It probably would have been much more effective to hire the new ED and THEN make the big announcement of the name change (and broadening of their mission).
That whole chain of events seemed like a big cluster and made me question what the heck was going on with the organization.
I look forward to seeing a bold strategic plan. We all know that it’s certainly not coming from any level at the city anytime soon. I will be ecstatic if we can get a bold vision for pedestrians and transit too.
“It just makes me sad to see you not having impact. You’ve got 30 years of advocacy under your belt, why aren’t you having an impact?”
The Street Trust does not have 30 years of advocacy under its belt. It is not the BTA. It has a different name, different mission, different personnel, different tactics. What do the two orgs really have in common? The same tax id?
I liked the BTA, but I am just not interested in the Street Trust. They just seem to be another in a long list of do-little non-profits whose main purpose seems to be self-perpetuation. If they show they can produce good outcomes for cyclists, I’ll reconsider, but that will require actual accomplishments, not just the promise of a new strategic plan and good intentions.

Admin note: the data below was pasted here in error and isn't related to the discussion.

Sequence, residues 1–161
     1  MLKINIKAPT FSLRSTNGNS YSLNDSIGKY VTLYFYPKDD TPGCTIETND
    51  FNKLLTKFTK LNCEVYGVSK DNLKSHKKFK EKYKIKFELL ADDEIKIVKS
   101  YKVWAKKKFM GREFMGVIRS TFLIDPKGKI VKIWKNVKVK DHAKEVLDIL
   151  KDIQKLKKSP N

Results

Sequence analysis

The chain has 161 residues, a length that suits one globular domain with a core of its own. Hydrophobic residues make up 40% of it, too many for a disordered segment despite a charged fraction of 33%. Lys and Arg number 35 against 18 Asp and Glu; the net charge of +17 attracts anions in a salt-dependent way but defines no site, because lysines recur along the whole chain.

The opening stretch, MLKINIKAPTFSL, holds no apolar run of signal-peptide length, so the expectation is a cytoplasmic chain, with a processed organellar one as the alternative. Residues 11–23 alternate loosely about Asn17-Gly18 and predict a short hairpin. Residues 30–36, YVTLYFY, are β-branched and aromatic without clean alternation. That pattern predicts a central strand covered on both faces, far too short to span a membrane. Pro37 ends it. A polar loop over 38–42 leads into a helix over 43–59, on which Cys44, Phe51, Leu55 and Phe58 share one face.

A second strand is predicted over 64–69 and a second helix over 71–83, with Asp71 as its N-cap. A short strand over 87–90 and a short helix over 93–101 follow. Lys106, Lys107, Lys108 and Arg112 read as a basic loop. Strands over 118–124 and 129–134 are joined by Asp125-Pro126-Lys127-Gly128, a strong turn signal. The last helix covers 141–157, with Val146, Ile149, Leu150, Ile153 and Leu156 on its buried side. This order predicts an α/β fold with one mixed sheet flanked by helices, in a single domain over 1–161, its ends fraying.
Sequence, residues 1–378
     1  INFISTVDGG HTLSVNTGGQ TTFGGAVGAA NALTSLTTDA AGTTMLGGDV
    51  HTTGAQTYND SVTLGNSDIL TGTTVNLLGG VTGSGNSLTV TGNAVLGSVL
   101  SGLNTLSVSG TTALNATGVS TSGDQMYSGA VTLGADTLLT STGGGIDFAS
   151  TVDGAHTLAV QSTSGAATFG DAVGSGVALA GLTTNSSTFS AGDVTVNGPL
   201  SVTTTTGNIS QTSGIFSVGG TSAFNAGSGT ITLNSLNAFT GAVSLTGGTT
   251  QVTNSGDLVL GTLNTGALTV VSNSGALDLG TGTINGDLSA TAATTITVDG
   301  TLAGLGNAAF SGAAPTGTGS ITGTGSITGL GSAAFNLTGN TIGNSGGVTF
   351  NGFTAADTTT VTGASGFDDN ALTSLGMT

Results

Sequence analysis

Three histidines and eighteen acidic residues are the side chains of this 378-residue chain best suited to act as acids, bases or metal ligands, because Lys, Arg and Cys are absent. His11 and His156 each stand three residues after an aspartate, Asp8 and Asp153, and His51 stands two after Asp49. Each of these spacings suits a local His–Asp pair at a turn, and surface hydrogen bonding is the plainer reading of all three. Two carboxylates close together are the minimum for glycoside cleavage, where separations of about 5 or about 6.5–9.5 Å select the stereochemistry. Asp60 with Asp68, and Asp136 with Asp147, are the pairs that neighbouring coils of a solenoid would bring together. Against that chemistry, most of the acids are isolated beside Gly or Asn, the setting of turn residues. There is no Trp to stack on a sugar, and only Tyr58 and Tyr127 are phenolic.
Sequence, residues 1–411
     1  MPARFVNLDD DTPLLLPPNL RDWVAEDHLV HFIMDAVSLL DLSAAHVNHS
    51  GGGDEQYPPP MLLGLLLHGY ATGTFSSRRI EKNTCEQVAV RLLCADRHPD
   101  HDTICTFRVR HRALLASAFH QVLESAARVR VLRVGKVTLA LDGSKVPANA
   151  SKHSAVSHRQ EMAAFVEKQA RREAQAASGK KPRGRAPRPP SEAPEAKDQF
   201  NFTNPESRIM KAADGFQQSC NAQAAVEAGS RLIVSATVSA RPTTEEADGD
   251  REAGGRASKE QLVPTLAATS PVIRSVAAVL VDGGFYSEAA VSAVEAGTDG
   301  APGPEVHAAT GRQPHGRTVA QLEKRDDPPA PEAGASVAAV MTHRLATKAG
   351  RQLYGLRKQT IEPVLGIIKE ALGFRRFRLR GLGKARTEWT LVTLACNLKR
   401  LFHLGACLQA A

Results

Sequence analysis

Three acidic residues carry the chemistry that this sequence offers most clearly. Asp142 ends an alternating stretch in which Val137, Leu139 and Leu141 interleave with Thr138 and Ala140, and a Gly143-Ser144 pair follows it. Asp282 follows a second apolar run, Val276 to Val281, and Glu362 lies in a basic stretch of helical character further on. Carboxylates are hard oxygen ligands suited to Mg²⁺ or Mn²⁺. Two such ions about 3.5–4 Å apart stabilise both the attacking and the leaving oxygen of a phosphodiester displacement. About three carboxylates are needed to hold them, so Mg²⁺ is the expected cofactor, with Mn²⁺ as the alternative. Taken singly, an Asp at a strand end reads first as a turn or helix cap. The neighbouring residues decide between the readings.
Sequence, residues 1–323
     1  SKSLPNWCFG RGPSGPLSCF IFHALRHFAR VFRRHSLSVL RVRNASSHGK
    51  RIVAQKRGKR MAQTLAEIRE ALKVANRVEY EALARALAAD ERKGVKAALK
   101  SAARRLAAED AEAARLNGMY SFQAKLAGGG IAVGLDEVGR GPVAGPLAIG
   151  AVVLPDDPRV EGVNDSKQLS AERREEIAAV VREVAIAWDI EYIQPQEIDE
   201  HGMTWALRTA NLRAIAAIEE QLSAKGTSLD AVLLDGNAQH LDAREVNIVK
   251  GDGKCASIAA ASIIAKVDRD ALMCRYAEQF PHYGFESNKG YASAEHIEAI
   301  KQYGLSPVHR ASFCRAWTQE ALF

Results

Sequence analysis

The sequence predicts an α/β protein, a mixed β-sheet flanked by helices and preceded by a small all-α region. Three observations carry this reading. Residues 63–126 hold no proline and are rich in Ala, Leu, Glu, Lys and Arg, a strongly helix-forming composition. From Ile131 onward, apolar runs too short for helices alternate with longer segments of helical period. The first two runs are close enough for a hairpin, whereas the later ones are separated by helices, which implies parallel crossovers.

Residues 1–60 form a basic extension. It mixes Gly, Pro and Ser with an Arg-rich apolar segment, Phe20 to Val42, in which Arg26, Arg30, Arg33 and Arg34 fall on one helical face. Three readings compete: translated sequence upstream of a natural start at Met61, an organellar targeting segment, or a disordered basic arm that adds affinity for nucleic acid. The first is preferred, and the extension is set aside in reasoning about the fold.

Also, I would never give my money to an organization that doesn’t have their house in order financially: https://www.charitynavigator.org/index.cfm?bay=search.summary&orgid=11886
PS If Iannarone gets hired on as ED, what will she do if Wheeler is recalled?
If the Street Trust wanted to do something useful, they could offer logistical support to BikeLoud; things like a mailing address, a closet, use of a meeting room, etc. It wouldn’t take much to be helpful.
did you read the story? They’ve actually offered to be Bike Loud’s fiscal sponsor. And they’ve also worked with Bike Loud in the past on at least a rally or two.
I read it, and I missed it.
Seems like a very confused organization. They talk of improving transportation for the state but then at the same time their rhetoric seems very Portland-centric. They are going to have to be more inclusive if they want to get anything done in Salem.